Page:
The Courage to Hold Tension in Life-Giving Ways
When the World is Going to Hell in a Handbasket
I took this photo on November 19, 2016. The world felt volatile, uncertain and almost hopeless. Here in 2022, it’s feeling almost more so. The fallout of 2016 has led to a Supreme Court that is rescinding freedoms for women and making the planet less safe. And there’s the war in Ukraine. Shootings, shootings and more shootings. Burning Sequoia trees. The list keeps growing.
I’m waking up daily nearly in tears about all this. The complexity of issues ties up my tongue and tangles my heart.
No matter what side of beliefs and opinions you fall on, you may have said lately that it feels like “the world is going to hell in a handbasket” or “what is the world coming to?” As William Stafford says in his poem, A Ritual to Read to Each Other, “the darkness around us is deep.” I want to live in a world that isn’t so deeply dark.
If you know me by now, you know when the going gets rough I wonder what poetry and quotes will give me words to live by. Back in 2016, I dug into the quote archives to find words of wisdom from Parker J. Palmer to share with our virtual Courage & Renewal community:
“The spiritual life is lived in a balance of paradoxes, and the humility that enables us to hear the truth of others must stand in creative tension with the faith that empowers us to speak our own.”
Trusting in the balance of both/and can be challenging when right vs. wrong and us vs. them provokes so much anger, fear, violence, and hatred. Breathing in & out helps. Remembering shadow & light, morning & night—practicing paradox—can be heartening. Remember that courage means “strength of heart.”
So I’m not without hope. I am truly heartened by the recent swearing in of Ketanji Brown Jackson as the 116th Supreme Court justice and the first Black woman to serve on the high court. May her intelligent, experienced presence make a difference.
A Book on Stamina for Transforming Self and Communities
I’m also heartened by a book coming out in August by professor Sherry K. Watt (a leader whose wisdom I turned to when writing The Courage Way chapter called The Courage to Connect and Trust in Each Other” and when George Floyd was murdered— see my July 2020 blog) and her research team at the University of Iowa. Her new book, based on her life’s work, called The Theory of Being: Practices for Transforming Self and Communities Across Difference. (I am honored to have had a consulting/editing role in the book’s publishing journey.) Their book offers strategies for embarking on constructive dialogue around the issues that drive us apart, both individually and collectively—whether around racial, gender, and/or social class inequity, core beliefs, uses of power or other points of cultural conflict.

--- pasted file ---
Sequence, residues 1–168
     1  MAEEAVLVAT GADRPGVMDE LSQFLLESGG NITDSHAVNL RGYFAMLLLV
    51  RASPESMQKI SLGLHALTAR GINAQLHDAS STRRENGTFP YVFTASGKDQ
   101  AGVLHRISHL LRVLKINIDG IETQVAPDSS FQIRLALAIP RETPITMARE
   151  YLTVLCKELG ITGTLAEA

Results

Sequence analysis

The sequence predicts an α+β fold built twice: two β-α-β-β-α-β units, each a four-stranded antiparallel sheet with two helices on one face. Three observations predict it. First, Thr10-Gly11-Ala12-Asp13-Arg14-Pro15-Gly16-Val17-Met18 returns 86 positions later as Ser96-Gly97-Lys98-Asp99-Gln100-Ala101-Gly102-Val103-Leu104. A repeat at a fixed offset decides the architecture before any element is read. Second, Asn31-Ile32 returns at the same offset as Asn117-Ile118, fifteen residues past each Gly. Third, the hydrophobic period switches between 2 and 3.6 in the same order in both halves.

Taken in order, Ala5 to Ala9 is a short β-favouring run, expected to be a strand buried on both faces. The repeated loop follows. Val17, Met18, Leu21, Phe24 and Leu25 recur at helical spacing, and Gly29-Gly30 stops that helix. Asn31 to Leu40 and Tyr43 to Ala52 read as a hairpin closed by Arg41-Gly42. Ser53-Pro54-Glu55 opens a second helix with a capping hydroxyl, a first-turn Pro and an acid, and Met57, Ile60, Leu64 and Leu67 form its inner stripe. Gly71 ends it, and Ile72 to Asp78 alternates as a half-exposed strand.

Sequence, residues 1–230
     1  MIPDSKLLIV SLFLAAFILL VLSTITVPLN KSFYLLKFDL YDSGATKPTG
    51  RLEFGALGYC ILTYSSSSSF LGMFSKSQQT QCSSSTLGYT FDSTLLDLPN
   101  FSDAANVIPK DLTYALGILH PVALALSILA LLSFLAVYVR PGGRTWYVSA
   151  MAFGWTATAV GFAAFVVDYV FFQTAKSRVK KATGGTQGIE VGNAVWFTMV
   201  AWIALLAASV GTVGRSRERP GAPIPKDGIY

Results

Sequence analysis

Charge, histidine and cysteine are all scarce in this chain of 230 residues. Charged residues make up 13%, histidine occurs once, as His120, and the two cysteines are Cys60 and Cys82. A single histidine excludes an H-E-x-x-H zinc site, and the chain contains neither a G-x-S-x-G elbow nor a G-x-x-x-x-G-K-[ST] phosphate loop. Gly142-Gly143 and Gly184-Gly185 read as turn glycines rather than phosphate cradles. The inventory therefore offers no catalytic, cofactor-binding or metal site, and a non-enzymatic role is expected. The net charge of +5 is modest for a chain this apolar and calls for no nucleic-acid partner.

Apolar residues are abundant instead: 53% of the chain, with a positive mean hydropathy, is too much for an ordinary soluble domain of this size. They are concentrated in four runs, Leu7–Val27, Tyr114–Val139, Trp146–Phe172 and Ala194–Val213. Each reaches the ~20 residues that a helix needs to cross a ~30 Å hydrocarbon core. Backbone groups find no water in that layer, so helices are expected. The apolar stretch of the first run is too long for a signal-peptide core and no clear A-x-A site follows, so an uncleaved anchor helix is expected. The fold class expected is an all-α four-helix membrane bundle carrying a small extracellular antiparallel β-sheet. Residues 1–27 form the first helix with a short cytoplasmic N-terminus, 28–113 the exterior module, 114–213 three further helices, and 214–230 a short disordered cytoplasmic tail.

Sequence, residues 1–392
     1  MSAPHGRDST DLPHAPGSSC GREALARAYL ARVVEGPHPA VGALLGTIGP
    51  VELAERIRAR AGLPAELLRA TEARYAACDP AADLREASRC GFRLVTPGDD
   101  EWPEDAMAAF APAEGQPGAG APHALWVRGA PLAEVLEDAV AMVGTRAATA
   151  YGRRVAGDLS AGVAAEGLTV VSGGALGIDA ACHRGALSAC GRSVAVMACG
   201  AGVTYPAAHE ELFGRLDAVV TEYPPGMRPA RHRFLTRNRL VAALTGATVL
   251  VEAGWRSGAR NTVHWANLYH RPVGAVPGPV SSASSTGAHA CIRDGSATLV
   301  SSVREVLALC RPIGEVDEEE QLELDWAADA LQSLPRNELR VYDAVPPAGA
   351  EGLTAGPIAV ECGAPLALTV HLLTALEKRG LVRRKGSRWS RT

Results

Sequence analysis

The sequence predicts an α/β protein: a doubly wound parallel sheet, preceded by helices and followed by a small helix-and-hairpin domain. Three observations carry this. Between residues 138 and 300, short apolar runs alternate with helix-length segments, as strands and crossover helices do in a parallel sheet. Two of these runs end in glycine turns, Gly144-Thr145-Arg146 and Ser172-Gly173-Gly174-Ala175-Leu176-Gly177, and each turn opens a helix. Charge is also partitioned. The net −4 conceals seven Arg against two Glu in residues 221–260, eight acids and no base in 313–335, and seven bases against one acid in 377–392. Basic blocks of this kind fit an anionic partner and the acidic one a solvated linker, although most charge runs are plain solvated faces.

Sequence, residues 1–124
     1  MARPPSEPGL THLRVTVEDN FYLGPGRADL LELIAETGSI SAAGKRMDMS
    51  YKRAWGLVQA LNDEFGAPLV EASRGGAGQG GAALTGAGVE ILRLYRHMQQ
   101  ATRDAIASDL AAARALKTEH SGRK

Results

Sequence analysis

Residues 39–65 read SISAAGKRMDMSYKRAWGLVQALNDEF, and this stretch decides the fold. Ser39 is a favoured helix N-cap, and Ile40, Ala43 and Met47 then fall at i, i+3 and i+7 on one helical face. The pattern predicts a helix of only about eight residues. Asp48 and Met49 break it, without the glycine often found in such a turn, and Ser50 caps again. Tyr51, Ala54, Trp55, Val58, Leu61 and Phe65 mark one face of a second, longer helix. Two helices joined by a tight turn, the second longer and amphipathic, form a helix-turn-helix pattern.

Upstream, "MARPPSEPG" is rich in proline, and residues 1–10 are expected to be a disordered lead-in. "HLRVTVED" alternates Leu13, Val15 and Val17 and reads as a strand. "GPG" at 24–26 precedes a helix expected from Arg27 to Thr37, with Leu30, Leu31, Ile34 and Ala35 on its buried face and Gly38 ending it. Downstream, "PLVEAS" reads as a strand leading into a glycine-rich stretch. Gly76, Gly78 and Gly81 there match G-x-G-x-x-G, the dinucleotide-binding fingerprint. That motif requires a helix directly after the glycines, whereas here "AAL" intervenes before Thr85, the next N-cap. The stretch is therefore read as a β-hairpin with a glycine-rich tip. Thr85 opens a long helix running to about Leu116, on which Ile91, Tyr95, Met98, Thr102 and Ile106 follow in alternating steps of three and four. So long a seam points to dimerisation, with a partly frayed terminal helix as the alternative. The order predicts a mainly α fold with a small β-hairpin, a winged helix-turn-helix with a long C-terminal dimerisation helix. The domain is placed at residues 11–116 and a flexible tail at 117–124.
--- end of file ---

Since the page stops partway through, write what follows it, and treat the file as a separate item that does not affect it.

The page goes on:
Among their key practices are the welcoming of paradox and asking of open, honest questions for solo and group reflection. A key concept we can learn is what the team calls Us-and-Them-exploring-IT instead of Us-vs-Them. There are so many ITs to explore when it comes to polarized positions. Can we find common ground? What I love about The Theory of Being is that it reveals pockets of possibility where the answer is Yes.
Being is as important as Doing, and this book does a good job of showing us why that matters. It matters that we make time to be with our own feelings, to gain self-awareness, so that have more capacity to listen to others with different beliefs, different experience. We have to prepare ourselves to have stamina for the hard work of social change, and that starts with our own inner work. The Theory of Being provides tools and practices, with stories to show Being (and stamina) in action. The book doesn’t promise quick fixes. It prepares us for the long haul.
The Theory of Being launches in August. For now, I highly recommend pre-ordering this groundbreaking (and common-ground-creating) book from the publisher Stylus, from Bookshop so you can pick which independent store you’ll support, from B&N or from Amazon — AND ask your library to order it!
Take A Chapter from My Playbook
In the meantime, if you’re curious about practicing paradox, I’d like to share an excerpt from a kindred book, The Courage Way, which I happened to write. Chapter 9: The Courage to Hold Tensions in Life-Giving Ways, is based on conversations with Parker Palmer and features three amazing women leaders sharing how they deal with complexity. Download a free PDF of The Courage Way, Chapter 9.
The thing about writing a book is that Life then asks you to live into the ideas you wrote about, like this from page 142:
Invoking my creative courage is one way I can contribute a heart-opening response to hold the tension of this collective moment. I’m collecting and sharing stories (with Creative Courage Live interviews, for example). I’m shining the light on new books by remarkable authors. I’m also exploring words that end with ing as actions I can take when no other action seems possible or effective just yet.
My inner artist is posing not only for snapshots. My inner artist is posing good questions so I can reflect and be with questions that have no immediate answers. Supposing you explored them with me?
TENDING: What needs pulled into the light? What needs tucked away for safekeeping? (Perhaps the pic isn’t really about going to hell in a handbasket.)
HOLDING: What do you hold close to you heart? Where would an open-heart take you? How do you stay aware of the whole?
What are YOU doing to hold tensions in life-giving ways? How are you Being as well as Doing?
P.S. One more thing I found heartening lately was seeing the beautifully redesigned website of the Center for Courage & Renewal. Check it out, as well as the many Circle of Trust programs in person and virtually where you can explore your own values and vocation in a community held together with trustworthy practices.